The Number of People Disturbing National Park Wildlife Doubled Last Year
Some visitors just can't seem to keep their hands to themselves.
It certainly feels like there is never a shortage of news stories about someone taking a selfie with a koala or trying to hug a bison. With social media, it can be hard to know if the frequency of these occurrences is inflated by the hyper visibility of certain incidents online, or if the number of these violations of protected wildlife is actually rising.
But, at least domestically, I can confirm that in 2023, there was a pretty dramatic uptick in the number of times people were disturbing wildlife inside the national parks. According to data the National Park Service shared with Thrillist, the number of citations for wildlife-related incidents more than doubled compared to 2022.
In 2023, 835 citations were issued to national park visitors for infractions relating to taking wildlife and disturbing wildlife nesting, breeding, and other activities. In 2022, there were 388 citations issued, and in 2021, there were 361.
The number of citations actually dramatically reduced in 2021 compared to 2020, and the years prior. This can be attributed to a reduction of national park visitors throughout 2021 and 2022. For instance, in 2021 there were 297 million visitors to the parks, and in 2022, there were 312 million. Comparatively, there were 327 million visitors in 2019.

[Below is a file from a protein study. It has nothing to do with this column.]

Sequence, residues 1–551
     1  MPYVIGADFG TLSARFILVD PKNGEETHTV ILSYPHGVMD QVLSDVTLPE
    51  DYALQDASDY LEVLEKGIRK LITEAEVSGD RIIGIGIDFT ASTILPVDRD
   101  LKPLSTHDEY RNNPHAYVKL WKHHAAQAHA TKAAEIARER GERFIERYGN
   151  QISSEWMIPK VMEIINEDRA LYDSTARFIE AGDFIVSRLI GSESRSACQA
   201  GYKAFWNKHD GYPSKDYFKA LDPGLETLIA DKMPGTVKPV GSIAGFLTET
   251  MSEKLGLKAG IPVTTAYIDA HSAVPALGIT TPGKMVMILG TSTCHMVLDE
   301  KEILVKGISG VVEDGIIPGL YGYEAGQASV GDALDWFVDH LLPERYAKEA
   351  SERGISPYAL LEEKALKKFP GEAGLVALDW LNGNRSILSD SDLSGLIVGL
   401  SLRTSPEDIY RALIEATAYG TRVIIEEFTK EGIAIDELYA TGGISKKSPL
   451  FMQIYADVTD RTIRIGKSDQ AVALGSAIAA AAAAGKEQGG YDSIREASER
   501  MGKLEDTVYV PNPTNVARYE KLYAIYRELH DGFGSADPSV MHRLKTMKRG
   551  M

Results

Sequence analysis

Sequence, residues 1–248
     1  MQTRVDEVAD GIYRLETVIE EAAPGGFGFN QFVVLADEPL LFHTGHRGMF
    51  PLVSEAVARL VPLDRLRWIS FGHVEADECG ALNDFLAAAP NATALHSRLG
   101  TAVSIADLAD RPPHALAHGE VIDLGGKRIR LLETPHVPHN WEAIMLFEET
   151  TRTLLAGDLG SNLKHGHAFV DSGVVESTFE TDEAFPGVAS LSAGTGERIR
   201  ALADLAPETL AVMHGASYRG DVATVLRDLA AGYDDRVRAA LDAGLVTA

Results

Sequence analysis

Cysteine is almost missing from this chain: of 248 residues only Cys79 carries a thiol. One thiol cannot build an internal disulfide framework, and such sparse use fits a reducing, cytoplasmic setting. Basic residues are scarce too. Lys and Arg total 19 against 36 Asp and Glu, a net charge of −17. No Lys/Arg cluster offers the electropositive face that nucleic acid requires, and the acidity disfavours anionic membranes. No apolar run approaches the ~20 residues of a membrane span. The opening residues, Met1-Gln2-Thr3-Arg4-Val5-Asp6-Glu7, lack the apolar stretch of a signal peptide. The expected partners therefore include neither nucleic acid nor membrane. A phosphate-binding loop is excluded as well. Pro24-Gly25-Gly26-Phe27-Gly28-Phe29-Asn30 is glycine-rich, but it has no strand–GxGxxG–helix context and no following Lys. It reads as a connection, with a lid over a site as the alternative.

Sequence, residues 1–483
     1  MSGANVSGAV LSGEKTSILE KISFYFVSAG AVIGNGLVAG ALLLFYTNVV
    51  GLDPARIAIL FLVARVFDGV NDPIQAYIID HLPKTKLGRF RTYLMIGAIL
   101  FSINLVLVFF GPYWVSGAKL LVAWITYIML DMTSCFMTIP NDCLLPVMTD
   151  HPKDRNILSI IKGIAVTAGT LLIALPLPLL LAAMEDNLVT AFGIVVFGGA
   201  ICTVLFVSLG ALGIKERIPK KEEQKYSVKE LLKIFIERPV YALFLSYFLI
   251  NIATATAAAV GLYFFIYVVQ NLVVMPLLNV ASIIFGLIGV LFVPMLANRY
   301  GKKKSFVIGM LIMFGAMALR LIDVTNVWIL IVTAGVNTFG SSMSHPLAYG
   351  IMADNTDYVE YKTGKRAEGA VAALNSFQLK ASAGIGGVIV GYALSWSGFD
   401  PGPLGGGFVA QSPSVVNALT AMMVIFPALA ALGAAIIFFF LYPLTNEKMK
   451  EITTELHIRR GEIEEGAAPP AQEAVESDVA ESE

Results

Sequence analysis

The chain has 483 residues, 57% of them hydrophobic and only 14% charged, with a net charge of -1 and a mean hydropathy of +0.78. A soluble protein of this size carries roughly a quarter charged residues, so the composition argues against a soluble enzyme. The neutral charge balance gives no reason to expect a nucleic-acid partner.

And sure, 835 citations for bothering national park animals out of a few hundred million visitors isn’t a horrendous portion of the group, but it's not great either. Especially when you consider what the consequences of those behaviors are and that the numbers are trending dramatically upward.
“Approaching wild animals can drastically affect their well-being and, in this case, their survival. Park regulations require that people stay at least 25 yards (23 m) away from all wildlife (including bison, elk and deer) and at least 100 yards (91 m) away from bears and wolves," the National Park Service said in a statement shared with Thrillist last May.
"Disregarding these regulations can result in fines, injury and even death," the statement continued. "The safety of these animals, as well as human safety, depends on everyone using good judgment and following these simple rules."
These simple rules are posted frequently throughout the park. But if you want to know the guidelines before you go, you can also find the national park wildlife policies on NPS.gov.
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